In anticipation of the launch of Colour My Travel’s latest ghost tour, here are some terrifying stories of hauntings that will get you in the mood for joining one of our walks.
1. The Ghostly Procession - Birgu
Prior to the construction of the Vittoriosa primary school, on the road which leads towards Kalkara, the site was occupied by an old plague cemetery, dedicated to St. Rocco. Late one night in the 1950s, a couple of women were walking back home from a late function, their route taking them past the old cemetery, long-abandoned and almost forgotten.
One of the women occasionally used to visit the place, to pray in the chapel there, which might have been what now made her look in the cemetery’s direction. But if she had intended to say a prayer, it was never uttered, for instead she was choked into silence at the sight of a ghostly procession. A number of ghostly figures, all wearing the familiar long white habit of an arch confraternity, with their heads covered by hoods, were floating out of the cemetery, passing right through the locked gate, before disappearing into a tree trunk just outside the main entrance. The woman was gripped by terror but did not say anything, for fear of being ridiculed by her companion. But when they got back home, her friend gasped with obvious relief and asked her if she had noticed anything strange on the way there. It turned out that she too had seen the apparitions.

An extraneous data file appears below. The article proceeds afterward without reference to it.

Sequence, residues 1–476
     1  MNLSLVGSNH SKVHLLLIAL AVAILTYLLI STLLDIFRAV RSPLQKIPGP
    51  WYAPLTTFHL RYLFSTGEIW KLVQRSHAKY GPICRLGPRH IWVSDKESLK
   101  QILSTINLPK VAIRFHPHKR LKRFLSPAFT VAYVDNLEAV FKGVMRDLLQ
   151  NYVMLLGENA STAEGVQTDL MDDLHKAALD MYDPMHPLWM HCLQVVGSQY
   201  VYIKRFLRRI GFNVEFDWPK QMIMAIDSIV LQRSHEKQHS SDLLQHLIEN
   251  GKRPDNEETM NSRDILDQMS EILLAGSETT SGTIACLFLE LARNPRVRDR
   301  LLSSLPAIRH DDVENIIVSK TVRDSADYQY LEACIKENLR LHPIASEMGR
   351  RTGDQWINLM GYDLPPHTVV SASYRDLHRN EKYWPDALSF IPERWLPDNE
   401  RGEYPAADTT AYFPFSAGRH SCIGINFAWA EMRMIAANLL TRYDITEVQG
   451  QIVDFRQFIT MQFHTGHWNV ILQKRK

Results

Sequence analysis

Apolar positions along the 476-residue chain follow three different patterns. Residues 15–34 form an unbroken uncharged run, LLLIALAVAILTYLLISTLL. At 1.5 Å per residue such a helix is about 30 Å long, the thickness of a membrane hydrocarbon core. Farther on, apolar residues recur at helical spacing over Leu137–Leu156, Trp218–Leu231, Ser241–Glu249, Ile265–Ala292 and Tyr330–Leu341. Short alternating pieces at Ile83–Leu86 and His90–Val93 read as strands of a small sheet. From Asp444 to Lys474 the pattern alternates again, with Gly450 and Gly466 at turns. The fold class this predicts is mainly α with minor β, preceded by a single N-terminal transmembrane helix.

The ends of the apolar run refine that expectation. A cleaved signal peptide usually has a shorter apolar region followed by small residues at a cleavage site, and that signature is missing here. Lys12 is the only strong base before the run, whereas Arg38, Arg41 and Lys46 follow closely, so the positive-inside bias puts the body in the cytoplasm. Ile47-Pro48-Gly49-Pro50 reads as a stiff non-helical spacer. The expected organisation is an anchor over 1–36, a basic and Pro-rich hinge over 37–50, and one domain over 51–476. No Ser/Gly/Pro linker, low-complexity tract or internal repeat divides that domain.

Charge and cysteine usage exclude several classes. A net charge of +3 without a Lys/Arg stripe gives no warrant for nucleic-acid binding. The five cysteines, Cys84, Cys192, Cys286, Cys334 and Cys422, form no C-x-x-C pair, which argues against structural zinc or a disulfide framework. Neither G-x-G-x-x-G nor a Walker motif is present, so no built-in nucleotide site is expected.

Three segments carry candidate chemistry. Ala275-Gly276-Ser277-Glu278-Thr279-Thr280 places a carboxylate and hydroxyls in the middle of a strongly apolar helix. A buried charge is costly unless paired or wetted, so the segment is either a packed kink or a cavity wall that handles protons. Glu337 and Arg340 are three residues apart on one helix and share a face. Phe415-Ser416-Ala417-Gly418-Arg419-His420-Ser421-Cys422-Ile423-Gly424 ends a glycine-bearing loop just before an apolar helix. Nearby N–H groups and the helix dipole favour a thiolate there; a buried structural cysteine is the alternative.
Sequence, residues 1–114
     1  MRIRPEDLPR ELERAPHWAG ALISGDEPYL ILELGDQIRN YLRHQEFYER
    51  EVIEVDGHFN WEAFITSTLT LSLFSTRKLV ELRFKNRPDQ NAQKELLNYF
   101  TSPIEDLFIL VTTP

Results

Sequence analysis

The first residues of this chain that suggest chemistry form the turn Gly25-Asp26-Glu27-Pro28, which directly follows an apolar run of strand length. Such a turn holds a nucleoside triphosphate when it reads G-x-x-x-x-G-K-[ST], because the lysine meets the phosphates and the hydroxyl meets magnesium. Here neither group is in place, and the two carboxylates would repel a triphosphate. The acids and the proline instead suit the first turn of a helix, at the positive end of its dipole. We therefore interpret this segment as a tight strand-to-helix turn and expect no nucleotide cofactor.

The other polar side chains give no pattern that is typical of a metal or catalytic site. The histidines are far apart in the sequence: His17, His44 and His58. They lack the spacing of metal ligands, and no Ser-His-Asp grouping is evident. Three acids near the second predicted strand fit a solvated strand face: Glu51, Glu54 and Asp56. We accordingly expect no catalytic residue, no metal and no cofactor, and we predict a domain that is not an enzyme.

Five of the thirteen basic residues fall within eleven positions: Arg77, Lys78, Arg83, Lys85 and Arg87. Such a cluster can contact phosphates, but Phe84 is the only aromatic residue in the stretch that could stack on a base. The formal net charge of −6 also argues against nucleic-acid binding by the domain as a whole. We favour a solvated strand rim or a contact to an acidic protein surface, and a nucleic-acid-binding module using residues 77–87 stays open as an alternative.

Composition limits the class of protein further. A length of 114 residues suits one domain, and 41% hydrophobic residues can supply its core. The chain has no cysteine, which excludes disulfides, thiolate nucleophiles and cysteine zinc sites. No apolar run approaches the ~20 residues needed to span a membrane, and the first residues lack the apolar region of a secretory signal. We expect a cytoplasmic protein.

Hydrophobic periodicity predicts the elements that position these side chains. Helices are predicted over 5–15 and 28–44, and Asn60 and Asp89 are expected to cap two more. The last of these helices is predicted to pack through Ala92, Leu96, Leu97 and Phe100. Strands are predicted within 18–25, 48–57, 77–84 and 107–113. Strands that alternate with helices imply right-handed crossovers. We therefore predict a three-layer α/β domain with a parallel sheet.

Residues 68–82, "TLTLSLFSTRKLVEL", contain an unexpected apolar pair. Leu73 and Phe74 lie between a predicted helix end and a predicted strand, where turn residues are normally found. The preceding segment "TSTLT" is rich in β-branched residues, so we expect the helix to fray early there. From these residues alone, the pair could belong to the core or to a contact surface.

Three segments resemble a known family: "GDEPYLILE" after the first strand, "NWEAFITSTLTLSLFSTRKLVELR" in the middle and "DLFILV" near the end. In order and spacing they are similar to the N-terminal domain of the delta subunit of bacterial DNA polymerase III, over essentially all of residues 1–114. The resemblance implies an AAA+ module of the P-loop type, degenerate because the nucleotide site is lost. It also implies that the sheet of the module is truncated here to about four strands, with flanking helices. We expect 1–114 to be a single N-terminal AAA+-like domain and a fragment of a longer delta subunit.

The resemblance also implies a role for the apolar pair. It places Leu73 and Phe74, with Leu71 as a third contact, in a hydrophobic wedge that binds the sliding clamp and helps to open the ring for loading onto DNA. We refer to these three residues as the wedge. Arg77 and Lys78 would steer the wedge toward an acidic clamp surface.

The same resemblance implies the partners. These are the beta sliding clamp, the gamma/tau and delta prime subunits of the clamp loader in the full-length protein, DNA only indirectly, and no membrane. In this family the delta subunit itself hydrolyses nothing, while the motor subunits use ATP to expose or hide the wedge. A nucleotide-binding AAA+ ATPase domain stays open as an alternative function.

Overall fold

Any doubts that they had both imagined it were dispelled in the morning, when they found crowds of people in the streets, all discussing the news of a woman who was taken to hospital during the night, suffering from shock after having seen a procession of hooded ghosts going up the street where she lived!
2. The Restless Spirit - Santa Venera
One of the stranger ghost stories is told by Joseph Attard in his book The Ghosts of Malta. In 1955, Mrs. Julia Tanti, who lived in the town of Santa Venera with her family, started being woken up between 4.30 am and 5 am every morning, to the sounds of a human voice crying and groaning from one particular room.